The advantage of betting on inflation now, says Ron Holt, president of the asset-management firm Hansberger Global Investors, is that many firms’ share prices are still cheap enough to offer a significant margin of safety. Picking inflation winners, however, isn’t so straightforward. Some companies, like big farm-equipment makers, sold hundreds of millions of dollars worth of products during the recent farm boom, so it’s unlikely many farmers will need a quick replacement even if crop prices rise considerably. We focused on five firms that some pros think will get a boost.
Even though Mike Mack runs one of world’s biggest agricultural businesses, he readily admits he “doesn’t have a clue” when crop prices will rise again. The CEO of Syngenta, the Swiss seed and pesticide firm, tells SmartMoney he doesn’t really care when they will go back, either. As the world’s population grows, it will need to grow more food, so Mack figures farmers will buy more of Syngenta’s products no matter which way crop prices go.
Some investors, however, do care about crop prices because of their significant effect on Syngenta’s stock. When crop prices rise, farmers are more willing to buy Syngenta’s higher-quality – and more profitable – products that can dramatically increase crop yields. From 2006 to 2008, when corn prices more than tripled, Syngenta’s profits and stock price more than doubled.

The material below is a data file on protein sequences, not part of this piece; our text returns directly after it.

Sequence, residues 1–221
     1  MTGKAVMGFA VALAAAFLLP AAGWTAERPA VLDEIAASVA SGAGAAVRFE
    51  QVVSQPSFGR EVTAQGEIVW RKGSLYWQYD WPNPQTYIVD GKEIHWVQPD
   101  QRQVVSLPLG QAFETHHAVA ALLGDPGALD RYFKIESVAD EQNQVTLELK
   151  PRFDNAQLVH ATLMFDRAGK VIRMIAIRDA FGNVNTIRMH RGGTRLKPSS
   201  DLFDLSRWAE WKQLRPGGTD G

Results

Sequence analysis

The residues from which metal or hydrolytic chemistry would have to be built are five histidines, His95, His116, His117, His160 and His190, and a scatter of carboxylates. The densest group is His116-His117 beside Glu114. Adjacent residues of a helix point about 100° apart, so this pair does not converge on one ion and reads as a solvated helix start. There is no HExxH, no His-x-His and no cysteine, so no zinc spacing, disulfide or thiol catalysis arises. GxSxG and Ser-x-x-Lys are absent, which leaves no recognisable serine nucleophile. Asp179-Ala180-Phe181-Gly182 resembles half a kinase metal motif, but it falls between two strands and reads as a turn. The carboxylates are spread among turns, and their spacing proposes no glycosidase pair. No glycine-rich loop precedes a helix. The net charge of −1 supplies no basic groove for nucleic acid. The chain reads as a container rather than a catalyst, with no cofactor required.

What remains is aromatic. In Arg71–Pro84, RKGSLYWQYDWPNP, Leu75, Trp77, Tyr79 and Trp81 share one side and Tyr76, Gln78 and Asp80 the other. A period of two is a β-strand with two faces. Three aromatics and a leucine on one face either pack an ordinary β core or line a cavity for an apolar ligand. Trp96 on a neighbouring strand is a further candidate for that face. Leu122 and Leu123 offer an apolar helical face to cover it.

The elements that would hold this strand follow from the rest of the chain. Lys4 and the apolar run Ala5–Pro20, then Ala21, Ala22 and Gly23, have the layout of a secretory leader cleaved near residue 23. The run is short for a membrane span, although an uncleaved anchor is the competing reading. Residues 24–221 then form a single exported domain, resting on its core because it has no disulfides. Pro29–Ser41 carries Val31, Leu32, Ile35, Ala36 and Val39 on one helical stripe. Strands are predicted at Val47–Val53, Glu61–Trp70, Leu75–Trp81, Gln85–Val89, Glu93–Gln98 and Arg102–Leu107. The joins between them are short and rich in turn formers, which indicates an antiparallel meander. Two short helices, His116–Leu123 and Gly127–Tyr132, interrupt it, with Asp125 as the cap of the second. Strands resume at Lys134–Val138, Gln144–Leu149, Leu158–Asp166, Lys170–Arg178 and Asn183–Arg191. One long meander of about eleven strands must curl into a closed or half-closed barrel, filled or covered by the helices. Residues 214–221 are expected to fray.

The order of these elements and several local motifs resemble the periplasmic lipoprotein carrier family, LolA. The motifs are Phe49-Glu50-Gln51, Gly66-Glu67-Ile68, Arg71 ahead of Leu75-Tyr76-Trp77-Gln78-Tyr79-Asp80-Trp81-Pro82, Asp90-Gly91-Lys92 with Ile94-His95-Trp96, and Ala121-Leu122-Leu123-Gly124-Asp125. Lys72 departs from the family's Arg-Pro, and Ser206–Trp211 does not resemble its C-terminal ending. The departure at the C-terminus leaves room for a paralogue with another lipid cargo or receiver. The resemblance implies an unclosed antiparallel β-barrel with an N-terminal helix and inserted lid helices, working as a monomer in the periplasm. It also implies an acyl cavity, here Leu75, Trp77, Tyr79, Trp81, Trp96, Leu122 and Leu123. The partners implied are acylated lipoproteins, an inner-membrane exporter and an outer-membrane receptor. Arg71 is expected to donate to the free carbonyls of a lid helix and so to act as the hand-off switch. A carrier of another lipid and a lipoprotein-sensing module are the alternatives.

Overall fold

Syngenta still isn’t recession proof. Demand for basic grains in China and India has slowed as cash-strapped families have traded down from eating protein like pork, which takes a lot of grain to produce, to rice, which does not. But analysts believe that is likely a short-term phenomenon. The current economic setbacks are baked into the stock price, says Jim O’Leary, portfolio manager of the Touchstone International Growth fund, which owns the stock. He believes the stock could rise significantly over the next two years.